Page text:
Violence took the lives of 767 workers last year; with 463 homicides and 225 suicides. (Work-related suicides declined by 10% from 2011 totals, but violence accounted for about 17% of all fatal work injuries in 2012.) Shootings were the most frequent manner of death in both.

Slips, falls and trips killed 668 workers in 2012–about 15% of all workplace injuries. A total of 509 workers were fatally injured after being struck by equipment or objects on the job.

There were 142 multiple-fatality incidents–incidents where more than one worker was killed–in 2012, in which 341 workers died.

Ninety-two percent, or 4,045 of all on-the-job fatalities were among men, and the remaining 8%, or 338, were women.

The New Wave of Graphic Novels

Sunday, January 4th, 2015

Graphic-novel sales are outpacing the overall trade-book market, and their audience has expanded to include more women and younger readers, the Wall Street Journal reports:

Graphic-novel sales increased 4% to $415 million in 2013, including comics stores, bookstores and online booksellers but excluding e-books. Preliminary data indicate that in 2014 graphic-novel sales grew at an even faster clip, according to Milton Griepp, a market analyst and CEO of the trade publication ICv2.

By contrast, overall print-book sales through retail stores and book clubs fell by 2.5% to 501.6 million units in 2013, following a blockbuster year in 2012, according to a Publisher’s Weekly analysis of data from Nielsen BookScan.

[...]

Graphic novels also lend themselves beautifully to being read on tablets such as iPads — and even smartphones. Digital sales for comics and graphic novels totaled $90 million in 2013 compared with $70 million in 2012.

Auftragstaktik

Friday, January 2nd, 2015

With Auftragstaktik, or “mission orders,” the leader disseminates his authority with the mission, David Grossman (On Killing) explains, and the piece of authority that is passed down with the mission empowers subordinates at all levels:

Patton understood this concept when he directed his subordinates to tell their men what to do but not how to do it, and then to “let them amaze you with their ingenuity.” A subordinate leader who is told precisely how to do something no longer has any obligation, accountability, or even legitimacy in accomplishing the task by an alternative method when the initial plan becomes impractical. Auftragstaktik empowers aggressive behavior by:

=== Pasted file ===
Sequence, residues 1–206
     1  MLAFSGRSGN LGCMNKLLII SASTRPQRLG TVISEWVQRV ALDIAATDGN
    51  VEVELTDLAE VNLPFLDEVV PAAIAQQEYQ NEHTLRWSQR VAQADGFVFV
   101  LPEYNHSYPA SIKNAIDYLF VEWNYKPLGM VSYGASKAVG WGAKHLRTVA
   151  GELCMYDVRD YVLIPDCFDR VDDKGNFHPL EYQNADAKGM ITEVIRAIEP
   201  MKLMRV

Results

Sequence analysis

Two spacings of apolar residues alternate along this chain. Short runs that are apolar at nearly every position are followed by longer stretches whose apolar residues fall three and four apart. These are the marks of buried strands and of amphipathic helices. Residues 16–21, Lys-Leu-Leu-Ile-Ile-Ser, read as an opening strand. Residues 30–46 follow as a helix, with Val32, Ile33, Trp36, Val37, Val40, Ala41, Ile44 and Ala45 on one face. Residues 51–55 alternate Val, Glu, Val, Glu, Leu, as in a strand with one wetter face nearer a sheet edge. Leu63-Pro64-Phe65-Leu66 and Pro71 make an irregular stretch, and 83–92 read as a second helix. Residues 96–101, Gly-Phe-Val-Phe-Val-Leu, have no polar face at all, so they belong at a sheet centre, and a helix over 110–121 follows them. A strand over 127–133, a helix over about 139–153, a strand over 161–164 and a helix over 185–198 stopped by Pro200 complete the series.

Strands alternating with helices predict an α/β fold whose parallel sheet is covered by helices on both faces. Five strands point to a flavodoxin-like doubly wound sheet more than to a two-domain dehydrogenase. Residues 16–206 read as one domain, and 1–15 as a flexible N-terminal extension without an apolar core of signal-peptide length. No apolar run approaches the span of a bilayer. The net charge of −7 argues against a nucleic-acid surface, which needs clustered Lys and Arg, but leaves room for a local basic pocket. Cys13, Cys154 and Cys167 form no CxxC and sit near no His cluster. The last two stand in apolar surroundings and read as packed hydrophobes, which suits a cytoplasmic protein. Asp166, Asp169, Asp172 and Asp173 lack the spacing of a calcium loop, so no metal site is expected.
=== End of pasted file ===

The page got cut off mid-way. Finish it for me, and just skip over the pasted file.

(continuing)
Increasing the proximity and number of authority figures. Ideally, under Auftragstaktik, every soldier becomes an obedience-demanding authority. The last line of the U.S. Army Ranger Creed is “I will go on to accomplish the mission, though I be the lone survivor.” That mentality, and the cultivation of subordinate leaders and soldiers who can make it come alive, is the ultimate objective of Auftragstaktik.

Increasing a subordinate’ subjective respect for the authority figure, since the authority and initiative of the highest commander have been passed to the lowest subordinate.

Increasing the authority figure’s demands for killing behavior. Since the subordinate
leader becomes the originator of his own set of mission orders, which are built upon the
framework of his superior’s mission orders (as opposed to being an errand boy simply passing down messages from on high), he accepts ownership of the mission and becomes strongly invested in demanding mission accomplishment from his subordinates.

Increasing the legitimacy of the authority and the demands of subordinate leaders by
institutionalizing a process in which it is the norm for subordinates to assume broad discretion and flexibility. Only then will you have a true, pervasive, mission orders environment.